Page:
Here comes Steven Soderbergh to save the 2021 Oscars show
Who else could produce next year’s Oscars other than the guy who made “Contagion”?
I imagine that question was posed more than once at the motion picture academy’s headquarters before Tuesday’s announcement that Steven Soderbergh will produce the 2021 Academy Awards ceremony along with Stacey Sher (who produced “Contagion” as well as Soderbergh’s best movie, “Out of Sight”) and Jesse Collins.
“We’re thrilled and terrified in equal measure,” the trio said in a statement, precisely encapsulating the feeling I have every day as I tentatively crawl out of bed, singing a variation of “Oh what a beautiful morning / oh what a beautiful day / I’ve got a terrible feeling / an emergency alert’s coming my way.”)
We’ve known the 2021 Oscars were going to be different. Back in June, the motion picture academy pushed the ceremony’s date two months to the end of April because of the COVID-19 pandemic. What will the show look like? Who knows. Last week, it was reported that the academy was dead-set on an in-person show and the next day, everyone was backtracking, maintaining that the situation was “fluid,” which, translated, means: We’re juuuuust a little unsure if anyone wants to show up at the Dolby Theatre and huddle together for an Oscars selfie. Check back next year.
It’s all pretty simple: Because we don’t know what the world will look like five months from now, we don’t know what the Oscars will look like, either. It could be almost entirely virtual, like this year’s Emmys. Or maybe it’ll be an intimate affair with just the nominees attending.
Soderbergh’s involvement, however, guarantees that the show isn’t simply going to be different. It’s going to be downright peculiar. Soderbergh’s three decades as a filmmaker have been marked by experimentation, restlessness and invention. He shot a movie entirely on an iPhone (“High Flying Bird”). He made a four-hour movie about Che Guevara. He retired and then returned, going on a workaholic bender. If he doesn’t shoot, edit, direct and produce the 2021 Oscars, it will feel like he’s slacking.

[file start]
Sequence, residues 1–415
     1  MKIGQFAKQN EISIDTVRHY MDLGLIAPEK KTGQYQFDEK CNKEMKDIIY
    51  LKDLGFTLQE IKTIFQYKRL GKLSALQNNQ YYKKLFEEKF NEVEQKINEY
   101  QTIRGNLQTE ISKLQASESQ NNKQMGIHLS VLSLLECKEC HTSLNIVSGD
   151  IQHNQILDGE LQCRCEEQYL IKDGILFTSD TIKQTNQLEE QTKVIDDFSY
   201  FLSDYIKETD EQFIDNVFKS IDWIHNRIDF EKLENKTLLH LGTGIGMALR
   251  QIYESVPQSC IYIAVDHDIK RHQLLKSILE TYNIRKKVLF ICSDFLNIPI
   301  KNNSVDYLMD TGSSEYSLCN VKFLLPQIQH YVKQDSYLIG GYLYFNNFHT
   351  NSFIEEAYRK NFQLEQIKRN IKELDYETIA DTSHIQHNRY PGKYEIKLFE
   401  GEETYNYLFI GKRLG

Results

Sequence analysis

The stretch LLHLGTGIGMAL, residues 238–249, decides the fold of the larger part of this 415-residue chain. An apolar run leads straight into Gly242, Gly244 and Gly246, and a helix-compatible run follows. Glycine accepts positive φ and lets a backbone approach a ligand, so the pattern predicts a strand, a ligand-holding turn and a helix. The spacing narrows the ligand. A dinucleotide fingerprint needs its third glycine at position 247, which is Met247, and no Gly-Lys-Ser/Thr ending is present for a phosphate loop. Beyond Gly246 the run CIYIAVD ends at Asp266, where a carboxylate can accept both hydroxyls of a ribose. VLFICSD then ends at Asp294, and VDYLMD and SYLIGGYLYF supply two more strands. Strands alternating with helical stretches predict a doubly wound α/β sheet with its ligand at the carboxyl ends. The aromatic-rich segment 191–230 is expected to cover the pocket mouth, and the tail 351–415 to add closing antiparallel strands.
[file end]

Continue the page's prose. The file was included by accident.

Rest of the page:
But Soderbergh isn’t exactly one to wrap his audience in a warm embrace, making him an interesting choice in a year that the motion picture industry finds itself besieged on several fronts. By the April 25 ceremony date, movie theaters will have been effectively hobbled for more than a year. And with Warner Bros. shuttling its entire 2021 film slate to HBO Max, streaming them on the same day they’ll open in theaters, prospects for the near future feel grim. (Soderbergh’s latest, the playful Meryl Streep drama “Let Them All Talk,” premieres on HBO Max Thursday.)
No one wants a goopy generic Oscar montage about the Magic of Movies. But the 2021 Oscar telecast does need to remind audiences why, at some time in the (hopefully) near future, they should think about rolling off their sofas, climbing into a car and braving the hell that is the Hollywood and Highland parking structure (or whatever parking purgatory is adjacent to your local multiplex) to watch a movie on a big screen surrounded by other human beings who will probably be on their phones even more now, the cumulative blue-light illumination equaling the brightness of a thousand suns.
So, in addition to honoring the best of 2020 (let’s hope people will have had the chance to see “Nomadland” by then), the 2021 Oscars need to be something of a PSA for movies. And, again, shelve the shoddy, generic montages. Soderbergh should craft everything himself or enlist friends like Christopher Nolan, a self-appointed Patron Saint of Cinema, who, after blasting the Warner Bros. move to HBO Max, would assuredly be happy to create some kind of tubthumping expression about Why Movies Matter.
And, yes, Soderbergh’s movies are often chilly and contained, dazzling but detached. But he can be a showman. And he has worked with pretty much everyone in Hollywood. Bring back the men of “Magic Mike,” solo and socially distanced. Give the “Ocean’s Eleven” crew another job, then spin off George Clooney into an “Out of Sight” reunion with Jennifer Lopez. If they can’t be in close confinement, get creative. Maybe have them riff on Soderbergh’s groundbreaking first feature, “Sex, Lies, and Videotape.”
Soderbergh already tipped his hand a bit, telling the Associated Press last week that he’s curious if this year’s Oscars will “skew more indie-cinephile.”
“The question is: Do you embrace that and say: ‘That was this year,’ and not be pants-on-fire about it. Just go: That was this year,” Soderbergh said.
It’s true. That was this year. And there’s nothing wrong with acknowledging that reality with the Zen attitude of one of Soderbergh’s old pals and saying, “All right, all right, all right.” But the academy needs to ensure that the ceremony keeps an eye on the industry’s future too. We’ve lived through a version of “Contagion.” Now let’s wash our hands (for at least 20 seconds!) and find a way forward.
From the Oscars to the Emmys.
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